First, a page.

Social media websites have existed for years now, and continue to be used by people around the world. Facebook is one of many websites where one can share videos, pictures, messages, among other things, to friends, and all conveniently from their computers or cellphones. The issue comes when some individuals post only the positive highlights of their day, and others compare their own lives to these highlights. We may not take into account the ups and downs other people possibly face when we can only view the positive moments of their lives on social media.
Feelings of envy can sprout when people view others as better than themselves in some aspect. For example, seeing your friend wear a more expensive or popular brand of shoes than you can lead you to compare yourself to them, and view them as superior to you based on your footwear. The term “Facebook envy” refers to when individuals browse through social media websites and feel upset viewing their online friends’ positive portrayals of their lives on their profiles. An individual can compare their profile to another’s based on the number of photos they post at different parties, and may feel inferior because they do not attend as many parties. A relationship has been found between depression and envy, so therefore there is an idea that Facebook envy may affect people with depression more than those without depression.
In 2015, Helmet Appel, Jan Crusius, and Alexander Gerlach wrote an article about their efforts to find out if attractive Facebook profiles can lead to feelings of envy in depressed individuals. They clarify that depression can lead people to compare themselves to others more frequently, and be more strongly impacted by negative social comparisons. We all have the opportunity to select specific posts and pictures (which may even be photo-shopped) onto our Facebook profiles. Anyone using this website has the ability to portray their lives more positively or negatively than they really are. This type of online environment means that depressed individuals are at high-risk of making social comparisons to their online friends.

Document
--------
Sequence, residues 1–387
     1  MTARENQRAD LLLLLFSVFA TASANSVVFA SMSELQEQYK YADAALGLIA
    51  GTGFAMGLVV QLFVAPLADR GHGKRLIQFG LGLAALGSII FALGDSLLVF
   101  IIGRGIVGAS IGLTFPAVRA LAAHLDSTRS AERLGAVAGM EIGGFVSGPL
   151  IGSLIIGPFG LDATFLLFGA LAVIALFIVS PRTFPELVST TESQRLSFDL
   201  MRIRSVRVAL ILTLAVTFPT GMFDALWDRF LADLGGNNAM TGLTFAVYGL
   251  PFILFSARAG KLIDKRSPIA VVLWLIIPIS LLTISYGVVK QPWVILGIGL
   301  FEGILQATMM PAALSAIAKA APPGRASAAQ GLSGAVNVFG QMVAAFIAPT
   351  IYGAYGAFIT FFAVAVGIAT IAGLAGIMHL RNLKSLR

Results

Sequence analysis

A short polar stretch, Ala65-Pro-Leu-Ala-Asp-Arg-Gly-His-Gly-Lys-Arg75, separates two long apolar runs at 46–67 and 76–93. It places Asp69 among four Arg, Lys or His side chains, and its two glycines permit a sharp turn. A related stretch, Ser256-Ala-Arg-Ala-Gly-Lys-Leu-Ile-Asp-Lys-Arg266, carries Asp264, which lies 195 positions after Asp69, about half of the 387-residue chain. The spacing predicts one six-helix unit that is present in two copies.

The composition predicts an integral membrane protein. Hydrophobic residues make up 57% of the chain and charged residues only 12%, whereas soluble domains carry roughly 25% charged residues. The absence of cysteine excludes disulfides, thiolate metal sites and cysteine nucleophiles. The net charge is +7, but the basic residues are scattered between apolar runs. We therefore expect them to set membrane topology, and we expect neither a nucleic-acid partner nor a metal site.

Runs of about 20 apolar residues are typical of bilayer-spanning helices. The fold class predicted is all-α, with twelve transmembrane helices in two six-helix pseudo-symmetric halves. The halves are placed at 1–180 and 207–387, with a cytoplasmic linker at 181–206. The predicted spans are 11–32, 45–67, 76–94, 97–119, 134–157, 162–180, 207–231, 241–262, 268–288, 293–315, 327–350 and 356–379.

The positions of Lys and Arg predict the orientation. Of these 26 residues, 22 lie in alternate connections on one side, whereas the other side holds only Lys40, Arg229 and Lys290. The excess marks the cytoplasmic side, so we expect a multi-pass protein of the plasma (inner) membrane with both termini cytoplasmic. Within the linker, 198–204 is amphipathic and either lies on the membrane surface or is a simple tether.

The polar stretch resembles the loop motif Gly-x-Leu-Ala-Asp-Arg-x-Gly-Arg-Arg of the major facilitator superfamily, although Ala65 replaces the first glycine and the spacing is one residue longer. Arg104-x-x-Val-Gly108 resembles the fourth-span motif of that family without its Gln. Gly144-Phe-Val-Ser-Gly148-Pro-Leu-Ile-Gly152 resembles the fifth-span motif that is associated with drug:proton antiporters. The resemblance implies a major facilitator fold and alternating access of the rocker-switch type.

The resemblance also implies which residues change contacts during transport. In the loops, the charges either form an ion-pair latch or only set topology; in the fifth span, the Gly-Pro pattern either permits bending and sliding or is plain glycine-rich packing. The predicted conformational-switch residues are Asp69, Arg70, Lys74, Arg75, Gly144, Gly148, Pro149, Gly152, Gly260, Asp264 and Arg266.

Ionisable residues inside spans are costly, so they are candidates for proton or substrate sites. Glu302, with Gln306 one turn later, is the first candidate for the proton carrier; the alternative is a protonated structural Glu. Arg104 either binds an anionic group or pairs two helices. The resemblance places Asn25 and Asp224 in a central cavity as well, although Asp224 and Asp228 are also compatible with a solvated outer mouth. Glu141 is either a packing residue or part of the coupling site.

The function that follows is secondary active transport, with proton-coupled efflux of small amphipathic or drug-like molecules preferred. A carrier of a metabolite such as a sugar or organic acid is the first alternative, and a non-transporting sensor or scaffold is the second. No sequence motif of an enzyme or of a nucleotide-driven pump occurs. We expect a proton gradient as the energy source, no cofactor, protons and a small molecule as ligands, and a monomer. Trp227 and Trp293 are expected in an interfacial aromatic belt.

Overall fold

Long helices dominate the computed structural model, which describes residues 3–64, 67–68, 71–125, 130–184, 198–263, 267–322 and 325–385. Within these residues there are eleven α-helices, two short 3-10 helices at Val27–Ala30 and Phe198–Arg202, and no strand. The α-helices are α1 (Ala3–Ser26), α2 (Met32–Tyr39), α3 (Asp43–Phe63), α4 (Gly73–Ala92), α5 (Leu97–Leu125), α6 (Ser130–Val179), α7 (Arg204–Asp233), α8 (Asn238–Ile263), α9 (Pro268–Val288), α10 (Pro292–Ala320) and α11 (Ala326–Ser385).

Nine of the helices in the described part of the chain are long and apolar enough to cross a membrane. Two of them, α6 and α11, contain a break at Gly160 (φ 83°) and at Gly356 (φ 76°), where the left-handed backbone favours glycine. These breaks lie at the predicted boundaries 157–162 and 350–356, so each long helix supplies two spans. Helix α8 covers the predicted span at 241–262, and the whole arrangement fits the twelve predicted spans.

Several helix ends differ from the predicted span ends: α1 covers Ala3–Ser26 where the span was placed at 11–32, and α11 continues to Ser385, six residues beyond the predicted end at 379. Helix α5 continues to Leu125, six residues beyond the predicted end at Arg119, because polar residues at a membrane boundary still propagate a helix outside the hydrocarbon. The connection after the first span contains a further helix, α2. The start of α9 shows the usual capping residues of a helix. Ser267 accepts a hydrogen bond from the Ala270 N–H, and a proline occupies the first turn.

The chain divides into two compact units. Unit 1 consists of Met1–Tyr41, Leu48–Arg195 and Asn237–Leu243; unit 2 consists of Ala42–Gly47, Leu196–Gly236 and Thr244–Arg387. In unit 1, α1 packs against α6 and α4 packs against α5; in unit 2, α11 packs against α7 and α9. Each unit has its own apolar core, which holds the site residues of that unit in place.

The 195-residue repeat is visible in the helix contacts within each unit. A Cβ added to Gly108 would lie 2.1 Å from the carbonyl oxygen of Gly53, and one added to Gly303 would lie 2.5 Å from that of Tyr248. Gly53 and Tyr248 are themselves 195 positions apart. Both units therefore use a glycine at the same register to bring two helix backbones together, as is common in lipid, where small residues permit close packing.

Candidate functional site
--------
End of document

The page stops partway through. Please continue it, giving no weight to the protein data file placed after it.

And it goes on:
The study by Appel, Crusius, and Gerlach was conducted in Germany using 89 people (with an average age of 27 years old). Around half of them had depression and half did not. The participants all looked at two attractive and two unattractive Facebook profiles, and then answered questions to see if they thought the profile owners were happy, and if they felt envious of the profile owners. The authors of the article wrote that the participants with depression felt more envious after viewing an attractive profile. People with depression, therefore, may be at a higher risk of feeling envious when comparing themselves to attractive Facebook profiles. The problem is that feelings of envy are not desirable to most people, and not many want to admit that they are jealous of others. Facebook is an environment that offers endless opportunities for social comparisons, which means depressed individuals can be even more affected when making negative social comparisons.
In order to potentially help people who are vulnerable to feeling of envy when using Facebook, people must be made more aware of how everyone, including themselves tend to post highlights of their lives, rather than negative things. Always keep in mind that most people desire to portray themselves in a positive way to other people, and this means posting attractive pictures, positive posts, and happy videos. Remember that Facebook profiles are not always an accurate representation of somebody’s life or level of happiness. Happy pictures do not mean that the profile owner never feels sad. Hundreds of Facebook friends do not mean that the profile owner never feels lonely. Everyone has good and bad days, and hopefully more people (including those with depression) will scroll down their Facebook feeds acknowledging that everyone has positive and negative moments in their lives. The next time you or a friend compare yourselves to another person based on their Facebook profiles, keep in mind that Facebook does not represent the person’s real life struggles and successes. With these thoughts in mind, people may not assume that their lives are inferior to others’ based on their Facebook posts. And more specifically, those with depression may not feel as envious when looking at others' Facebook profiles.
- Shang Rashid
Appel, H., Crusius, J., & Gerlach A. L. (2015). Social comparison, envy, and depression on Facebook: A study looking at the effects of high comparison standards on depressed individuals. Journal of Social and Clinical Psychology, 34(4), 277-289. doi:http://dx.doi.org.proxy1.lib.uwo.ca/101521jscp2015344277